News from Uppsala Health Summit
February 2017
Full conclusions from Uppsala Health Summit 2016 published
Article Image Over 42 million children in the world, and growing, live with an increased risk of diabetes and other non-communicable diseases because they are obese. There is an urgent need to turn this trend around in a sustainable way. Childhood obesity is a complex task for society to deal with. The conclusions from Uppsala Health Summit include strong recommendations for interventions combining an broad range of actors and actions, with an aim to change the obesogenic environment, where so many children grow up today.
Read more about the conclusions and download the full Post-Conference Report 2016.
A pod-cast interview with the Program committee chair, Professor Rikard Landberg
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Changing the obesogenic landscape around children will need broad, mulit-stakeholder actions, but such initiatives requires strong political leadership, says professor Rikard Landberg, chairman for the program committee in 2016, in a comment to the newly released post-conference report from Uppsala Health Summit.
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'Coming from the meeting, I realise to the full extent the importance of societal players, the many actors that contribute to the situation.'
Professor Peter Bergsten shares his main impressions from Uppsala Health Summit in this pod-cast, and the need for long-term multi-sectorial commitment to combat childhood obesity.
Uppsala Health Summit 10 - 11 October 2017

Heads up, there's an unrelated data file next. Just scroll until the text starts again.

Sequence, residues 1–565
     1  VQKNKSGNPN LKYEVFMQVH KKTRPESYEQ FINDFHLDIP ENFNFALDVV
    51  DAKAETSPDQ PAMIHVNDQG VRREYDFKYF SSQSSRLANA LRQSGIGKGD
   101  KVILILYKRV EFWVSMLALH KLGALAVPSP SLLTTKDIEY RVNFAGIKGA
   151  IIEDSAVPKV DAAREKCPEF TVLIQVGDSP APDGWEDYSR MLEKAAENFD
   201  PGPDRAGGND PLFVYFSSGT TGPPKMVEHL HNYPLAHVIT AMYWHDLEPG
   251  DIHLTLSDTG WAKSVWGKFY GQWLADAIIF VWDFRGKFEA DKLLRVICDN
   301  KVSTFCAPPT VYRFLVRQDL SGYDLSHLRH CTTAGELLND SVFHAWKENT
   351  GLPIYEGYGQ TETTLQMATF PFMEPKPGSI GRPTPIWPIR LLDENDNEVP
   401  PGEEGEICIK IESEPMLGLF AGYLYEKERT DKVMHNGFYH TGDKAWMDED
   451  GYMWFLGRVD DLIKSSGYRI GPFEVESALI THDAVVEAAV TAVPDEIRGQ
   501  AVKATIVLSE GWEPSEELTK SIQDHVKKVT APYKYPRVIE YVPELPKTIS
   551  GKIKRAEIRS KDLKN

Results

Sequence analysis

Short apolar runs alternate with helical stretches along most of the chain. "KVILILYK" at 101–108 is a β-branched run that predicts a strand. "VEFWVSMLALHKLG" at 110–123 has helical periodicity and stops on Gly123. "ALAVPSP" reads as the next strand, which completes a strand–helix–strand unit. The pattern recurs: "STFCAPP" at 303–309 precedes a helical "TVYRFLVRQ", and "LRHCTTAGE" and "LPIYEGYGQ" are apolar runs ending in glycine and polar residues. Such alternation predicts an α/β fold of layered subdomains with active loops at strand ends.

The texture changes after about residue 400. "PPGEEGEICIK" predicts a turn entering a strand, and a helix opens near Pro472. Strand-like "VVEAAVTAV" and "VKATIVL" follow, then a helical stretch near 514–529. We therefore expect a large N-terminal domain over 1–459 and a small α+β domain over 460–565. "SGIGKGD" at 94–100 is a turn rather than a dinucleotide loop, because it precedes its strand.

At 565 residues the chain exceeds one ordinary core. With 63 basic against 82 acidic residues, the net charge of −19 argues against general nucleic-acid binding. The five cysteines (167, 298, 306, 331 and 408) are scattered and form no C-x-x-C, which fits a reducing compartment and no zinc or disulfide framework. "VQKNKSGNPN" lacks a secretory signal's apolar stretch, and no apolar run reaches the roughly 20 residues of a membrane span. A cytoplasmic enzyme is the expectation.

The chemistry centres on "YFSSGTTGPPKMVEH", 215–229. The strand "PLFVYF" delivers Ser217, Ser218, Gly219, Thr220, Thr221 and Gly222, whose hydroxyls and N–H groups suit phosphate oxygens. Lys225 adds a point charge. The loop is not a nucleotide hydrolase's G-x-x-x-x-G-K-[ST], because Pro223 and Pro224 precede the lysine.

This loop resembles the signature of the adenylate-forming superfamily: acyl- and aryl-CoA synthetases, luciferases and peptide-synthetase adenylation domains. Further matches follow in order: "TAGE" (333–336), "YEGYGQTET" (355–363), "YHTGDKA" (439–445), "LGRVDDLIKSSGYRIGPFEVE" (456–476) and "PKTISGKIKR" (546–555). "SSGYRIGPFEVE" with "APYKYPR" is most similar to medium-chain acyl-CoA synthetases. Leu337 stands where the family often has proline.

Infectious diseases are resurfacing as a serious threat to global health, with serious consequences for social and economic stability on community level as well as on global level. The situation is worsened by the spread of antimicrobial resistance, which seriously reduces our capacity to deal with outbreaks.
There is a multitude of interlinked drivers behind this surge, such as climate change, global travel or animal health. In 2015, Uppsala Health Summit covered the threat from antibiotic resistance. This year at Uppsala Health Summit 2017, we will adopt a one health approach and discuss how we can manage infectious disease threats through better global and local management.
Read more about the theme and nominate who we should invite to Uppsala Health Summit 10–11 October 2017!
Professor Kevin Outterson on the need for new economic thinking
 Traditional business models linking revenues to sales will not support a pipe-line of new antibiotics, nor responsible use of the same.
In a recently published opinion piece in New York Times, Professor Kevin Outterson, Boston Law School and executive director of Carb-X, describes why policy decisions taken so far have failed, and why we need new economic models to secure the pipeline of new antibiotics, a point he also made at Uppsala Health Summit in 2015.
Uppsala Health Summit Partners
UHS Partners
Uppsala Health Summit Sponsors 2016

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